Sheep Adapt Readily to Regular Drone Monitoring, Says Virginia Tech Study
Researchers flew a drone at varying heights above a flock of sheep, recording their reactions and behavior. The results point to little interference.
Researchers at Virginia Tech’s College of Agriculture and Life Sciences have been studying the effects of drones on a variety of agricultural implementation, such as microbe analysis, and indeed, how drones affect the behavior of actual livestock such as sheep. According to Farmer’s Weekly, the evidence gathered seems to support the notion that sheep are largely undeterred from their regular patterns of behavior by nearby drones. Though some individual sheep may be put off at first by the unexpected presence of a whirring, aerial shepherd, adaptation occurs quickly and standard behavior resumes.
We’ve been noticing the encroachment of drone technology on the agriagricultural industrycultural industry for quite some time now, with hobby drone companies such as Parrot developing unmanned aerial vehicles specifically for farming purposes, as well as a general overview of how these tools have influenced the industry so far. According to project associate for Virginia Cooperative Extension, Dan Swafford, it only makes sense to utilize the affordable, practical tool for monitoring livestock and conditions on farmland. “Farms could use drones as a ‘check-on’ tool to ensure sheep are where they are supposed to be,” he said. “Drones can help farmers gain quick access to see if an animal is in need or injured, (or) to examine if a ewe has delivered a lamb.”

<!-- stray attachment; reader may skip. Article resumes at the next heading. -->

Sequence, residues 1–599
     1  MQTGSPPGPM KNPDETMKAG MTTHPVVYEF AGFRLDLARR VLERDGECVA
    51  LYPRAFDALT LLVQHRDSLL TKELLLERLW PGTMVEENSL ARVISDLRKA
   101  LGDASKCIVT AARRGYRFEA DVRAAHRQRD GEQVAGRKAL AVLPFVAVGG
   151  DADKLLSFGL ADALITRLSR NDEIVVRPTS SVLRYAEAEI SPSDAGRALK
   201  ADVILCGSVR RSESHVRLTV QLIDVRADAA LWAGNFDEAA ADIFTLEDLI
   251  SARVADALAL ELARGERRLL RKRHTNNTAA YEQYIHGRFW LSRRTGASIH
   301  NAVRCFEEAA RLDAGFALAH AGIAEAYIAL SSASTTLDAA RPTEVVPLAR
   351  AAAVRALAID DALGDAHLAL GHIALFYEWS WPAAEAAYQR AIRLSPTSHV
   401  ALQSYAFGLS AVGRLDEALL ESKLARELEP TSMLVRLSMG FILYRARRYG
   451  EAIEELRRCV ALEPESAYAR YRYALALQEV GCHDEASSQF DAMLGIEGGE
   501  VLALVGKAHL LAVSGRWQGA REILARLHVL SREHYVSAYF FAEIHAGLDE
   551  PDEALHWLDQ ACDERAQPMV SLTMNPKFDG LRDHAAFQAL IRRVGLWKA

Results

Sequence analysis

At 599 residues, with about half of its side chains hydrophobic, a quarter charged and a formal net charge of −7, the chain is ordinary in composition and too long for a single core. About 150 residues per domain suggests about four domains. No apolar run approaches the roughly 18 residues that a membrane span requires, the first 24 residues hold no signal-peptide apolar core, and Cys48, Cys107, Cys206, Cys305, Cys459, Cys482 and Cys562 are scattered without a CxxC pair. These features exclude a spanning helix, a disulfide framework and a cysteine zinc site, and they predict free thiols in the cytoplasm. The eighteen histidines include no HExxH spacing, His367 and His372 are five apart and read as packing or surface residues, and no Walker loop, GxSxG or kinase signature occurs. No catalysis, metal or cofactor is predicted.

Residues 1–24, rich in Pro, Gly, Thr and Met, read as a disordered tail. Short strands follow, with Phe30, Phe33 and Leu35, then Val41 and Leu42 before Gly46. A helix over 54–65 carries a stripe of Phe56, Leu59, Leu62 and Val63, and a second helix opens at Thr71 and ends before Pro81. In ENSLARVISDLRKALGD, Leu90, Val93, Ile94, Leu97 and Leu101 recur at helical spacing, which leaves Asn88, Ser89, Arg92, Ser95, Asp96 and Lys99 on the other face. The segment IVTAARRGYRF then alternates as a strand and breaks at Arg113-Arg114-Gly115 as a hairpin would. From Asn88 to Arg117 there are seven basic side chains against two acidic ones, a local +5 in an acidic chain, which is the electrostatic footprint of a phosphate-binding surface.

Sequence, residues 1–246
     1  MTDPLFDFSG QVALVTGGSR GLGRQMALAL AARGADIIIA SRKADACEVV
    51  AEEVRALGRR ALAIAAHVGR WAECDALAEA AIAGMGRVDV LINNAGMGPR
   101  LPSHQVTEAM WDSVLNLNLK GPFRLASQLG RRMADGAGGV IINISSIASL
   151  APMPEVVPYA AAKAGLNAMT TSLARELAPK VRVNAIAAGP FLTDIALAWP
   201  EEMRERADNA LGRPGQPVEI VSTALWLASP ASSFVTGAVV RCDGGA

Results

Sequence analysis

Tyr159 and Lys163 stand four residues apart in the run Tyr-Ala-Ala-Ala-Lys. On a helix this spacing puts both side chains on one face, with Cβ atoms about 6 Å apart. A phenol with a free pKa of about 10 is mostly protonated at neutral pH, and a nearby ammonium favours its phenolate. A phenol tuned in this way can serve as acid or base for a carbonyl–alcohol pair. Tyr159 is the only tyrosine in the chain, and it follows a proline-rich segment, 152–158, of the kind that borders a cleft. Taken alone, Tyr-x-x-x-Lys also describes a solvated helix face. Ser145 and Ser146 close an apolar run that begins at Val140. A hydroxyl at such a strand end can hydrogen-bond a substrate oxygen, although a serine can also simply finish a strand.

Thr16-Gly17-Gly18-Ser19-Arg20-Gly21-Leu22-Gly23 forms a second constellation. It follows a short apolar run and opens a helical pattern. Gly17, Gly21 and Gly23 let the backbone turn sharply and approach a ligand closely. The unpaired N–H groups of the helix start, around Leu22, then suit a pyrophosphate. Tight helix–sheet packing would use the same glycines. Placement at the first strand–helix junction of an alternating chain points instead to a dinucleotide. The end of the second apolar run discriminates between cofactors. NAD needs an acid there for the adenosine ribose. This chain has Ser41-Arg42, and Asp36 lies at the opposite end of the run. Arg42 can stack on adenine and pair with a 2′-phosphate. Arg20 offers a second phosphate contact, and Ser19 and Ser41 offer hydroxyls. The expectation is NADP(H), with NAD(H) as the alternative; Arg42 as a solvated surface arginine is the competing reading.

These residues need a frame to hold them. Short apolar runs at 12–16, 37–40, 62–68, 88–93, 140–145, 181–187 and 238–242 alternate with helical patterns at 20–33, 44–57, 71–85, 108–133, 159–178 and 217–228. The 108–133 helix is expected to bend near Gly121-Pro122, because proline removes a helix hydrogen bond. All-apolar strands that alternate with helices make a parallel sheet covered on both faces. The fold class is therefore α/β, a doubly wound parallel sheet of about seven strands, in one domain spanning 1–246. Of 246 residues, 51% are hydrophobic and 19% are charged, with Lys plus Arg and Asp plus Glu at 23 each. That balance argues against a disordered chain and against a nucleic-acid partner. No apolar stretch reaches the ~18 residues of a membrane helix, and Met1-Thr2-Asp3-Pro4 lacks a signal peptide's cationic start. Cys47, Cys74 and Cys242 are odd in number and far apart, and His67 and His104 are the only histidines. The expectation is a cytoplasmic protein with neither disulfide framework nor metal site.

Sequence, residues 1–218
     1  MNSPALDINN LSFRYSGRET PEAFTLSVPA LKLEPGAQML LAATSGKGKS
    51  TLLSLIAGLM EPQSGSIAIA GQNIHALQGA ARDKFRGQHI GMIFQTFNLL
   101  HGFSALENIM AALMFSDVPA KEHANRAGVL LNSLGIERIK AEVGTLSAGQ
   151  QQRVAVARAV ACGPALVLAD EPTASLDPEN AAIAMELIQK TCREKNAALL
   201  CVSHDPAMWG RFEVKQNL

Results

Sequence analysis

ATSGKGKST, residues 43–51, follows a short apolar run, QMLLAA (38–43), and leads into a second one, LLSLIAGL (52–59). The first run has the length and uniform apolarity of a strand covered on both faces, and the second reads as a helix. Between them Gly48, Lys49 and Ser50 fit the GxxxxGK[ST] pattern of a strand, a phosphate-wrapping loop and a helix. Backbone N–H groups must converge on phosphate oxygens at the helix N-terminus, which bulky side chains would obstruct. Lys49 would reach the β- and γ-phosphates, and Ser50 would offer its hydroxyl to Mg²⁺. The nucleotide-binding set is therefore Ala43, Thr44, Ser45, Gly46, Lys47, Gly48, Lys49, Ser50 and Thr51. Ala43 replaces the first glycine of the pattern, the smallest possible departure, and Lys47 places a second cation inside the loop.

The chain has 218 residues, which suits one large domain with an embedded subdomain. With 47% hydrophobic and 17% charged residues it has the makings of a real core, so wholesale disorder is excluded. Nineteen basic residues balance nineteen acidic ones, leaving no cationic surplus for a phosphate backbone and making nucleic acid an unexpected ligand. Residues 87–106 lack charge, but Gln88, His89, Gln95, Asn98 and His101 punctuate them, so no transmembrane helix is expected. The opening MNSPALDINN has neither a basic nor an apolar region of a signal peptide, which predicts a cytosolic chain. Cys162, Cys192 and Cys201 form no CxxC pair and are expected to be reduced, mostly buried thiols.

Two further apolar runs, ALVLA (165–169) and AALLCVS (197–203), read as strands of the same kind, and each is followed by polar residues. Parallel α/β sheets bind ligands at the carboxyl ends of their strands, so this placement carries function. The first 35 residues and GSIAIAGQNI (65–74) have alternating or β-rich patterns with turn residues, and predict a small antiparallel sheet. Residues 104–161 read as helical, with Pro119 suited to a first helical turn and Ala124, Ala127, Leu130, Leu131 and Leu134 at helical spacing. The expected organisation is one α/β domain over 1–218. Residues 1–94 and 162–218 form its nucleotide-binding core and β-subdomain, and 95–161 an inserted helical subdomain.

Swafford is working alongside Andrew Weaver who is now a doctoral student at West Virginia University with a pilot’s license and has past experience in studying sheep. The pair reportedly flew a camera-drone over a flock of sheep at varying heights from 23 meters to 3 meters, capturing the animals’ reactions below. The results largely pointed toward indifference on the sheep’s part, with some walking away, a few looking at the drone, and the rest ignoring the device. “We kept a scoring system to see how flighty the sheep were,” said Weaver. “They learned that it was OK, and with regular flying they got used to it.” Most importantly, the animals seemed to forget about the drone entirely upon regular exposure to it, pointing toward rapid acclimation.
While this may not appear to be the most scientific of research experiments, it’s certainly in line with the expectations many of us familiar with drones would have. With planes flying overhead, cars passing nearby, and farm machinery filling the ears and eyes of these animals already, it seems fairly logical to expect UAVs not to have much of a negative impact on these individual animals. However, far more thorough, all-encompassing studies can and should be made in this department as there are always factors and variables left by the wayside when conducting a study that includes a simplistic "scoring card." Not to impugn the methods here, but it’s interesting to process these finds and ponder the implications and we’re just all eager to know more.